It seems fitting that the name Canowindra comes from the Wiradjuri word meaning home. Canowindra has been home to European settlers from 1829 onwards, when 640 acres were granted to James Collits by Governor Ralph Darling. Yet our town sits on ancient land, home of the Wiradjuri people for tens of thousands of years. The Wiradjuri were known as the “people of the three rivers” and lived peacefully upon the rivers.
The people of Canowindra are a diverse group in 2021, weary from ten months of COVID restrictions and looking for hope in a new year. Every year, Australia Day marks the end of the summer holidays and calls for one last celebration. This year, the usual Australia Day ceremony will be held at 1:30pm at the Canowindra Services Club with the yearly yabby race starting at 3pm.
Celebrating Australia is a time honoured tradition, yet some would rather celebrate our nation on a different day. For First Nations people, the 26th of January, which marks the day the First Fleet arrived in Sydney Cove in 1788, is seen as the start of losing land, culture and family.
Brad Draper, a proud member of the Wiradjuri nation who spent his childhood in Canowindra, spoke to the Phoenix about the challenges of the day.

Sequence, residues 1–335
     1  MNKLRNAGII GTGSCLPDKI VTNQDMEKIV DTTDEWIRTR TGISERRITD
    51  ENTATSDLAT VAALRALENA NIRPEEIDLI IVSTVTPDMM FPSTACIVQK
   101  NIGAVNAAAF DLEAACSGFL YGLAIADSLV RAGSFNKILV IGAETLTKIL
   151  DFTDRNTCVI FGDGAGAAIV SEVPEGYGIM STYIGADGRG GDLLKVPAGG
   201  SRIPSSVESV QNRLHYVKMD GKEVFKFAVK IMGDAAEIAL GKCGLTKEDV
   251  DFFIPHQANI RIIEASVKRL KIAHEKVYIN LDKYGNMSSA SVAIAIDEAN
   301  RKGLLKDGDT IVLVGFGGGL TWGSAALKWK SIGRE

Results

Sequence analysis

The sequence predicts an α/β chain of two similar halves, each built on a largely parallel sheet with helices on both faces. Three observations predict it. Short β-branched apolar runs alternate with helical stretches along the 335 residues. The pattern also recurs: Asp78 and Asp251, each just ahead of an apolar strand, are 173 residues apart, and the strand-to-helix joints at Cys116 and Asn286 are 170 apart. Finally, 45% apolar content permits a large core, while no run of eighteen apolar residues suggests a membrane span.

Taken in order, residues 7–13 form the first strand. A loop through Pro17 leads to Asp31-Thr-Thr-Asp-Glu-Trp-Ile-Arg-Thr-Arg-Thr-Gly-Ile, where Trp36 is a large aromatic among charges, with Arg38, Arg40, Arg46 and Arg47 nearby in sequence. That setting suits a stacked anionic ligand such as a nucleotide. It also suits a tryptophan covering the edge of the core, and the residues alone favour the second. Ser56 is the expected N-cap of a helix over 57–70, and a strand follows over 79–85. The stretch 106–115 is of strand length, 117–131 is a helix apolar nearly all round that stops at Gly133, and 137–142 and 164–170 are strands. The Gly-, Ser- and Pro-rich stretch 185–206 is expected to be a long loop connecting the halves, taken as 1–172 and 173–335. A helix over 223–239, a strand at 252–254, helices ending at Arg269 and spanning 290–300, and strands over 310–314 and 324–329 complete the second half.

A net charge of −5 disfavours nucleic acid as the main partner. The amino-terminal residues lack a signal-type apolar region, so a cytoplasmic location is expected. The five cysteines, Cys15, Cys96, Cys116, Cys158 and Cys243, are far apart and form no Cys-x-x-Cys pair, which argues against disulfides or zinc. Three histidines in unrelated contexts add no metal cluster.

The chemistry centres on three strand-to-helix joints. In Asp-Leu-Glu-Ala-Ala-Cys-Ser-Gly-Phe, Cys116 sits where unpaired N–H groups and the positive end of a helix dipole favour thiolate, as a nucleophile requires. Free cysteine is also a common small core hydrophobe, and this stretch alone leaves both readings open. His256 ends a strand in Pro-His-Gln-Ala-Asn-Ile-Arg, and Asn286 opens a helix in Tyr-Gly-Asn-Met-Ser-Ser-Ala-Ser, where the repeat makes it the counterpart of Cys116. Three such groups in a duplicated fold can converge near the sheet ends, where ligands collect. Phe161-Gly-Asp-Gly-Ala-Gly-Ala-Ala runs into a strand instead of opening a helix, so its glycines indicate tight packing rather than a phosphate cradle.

“Australia Day is a controversial day,” Brad said. “For me, I am a proud Australian Aboriginal but that day is a day that is looked upon by some Aboriginal families as a day of sadness.”
When asked how non-indigenous Australians could support Aboriginal Australians on this day, Brad’s answer was simple. “Recognition,” Brad said. “I challenge people to go on a process of discovery and research Aboriginal history. Once this history is recognised it will send people on a path of reconciliation and understanding.”
Canowindra and its surrounds are blessed with incredible ancient history. The Age of Fishes Museum showcases that history beautifully with fossils 360-70 million years old.
Brad encourages all Australians to uncover the fascinating history right on our doorstop, urging locals to read up on Stan Grant Senior’s work on the history of the Wiradjuri people, contact the Aboriginal Land Council in Cowra or even visit one of the oldest structures on earth, the Aboriginal Fish Traps at Brewarrina.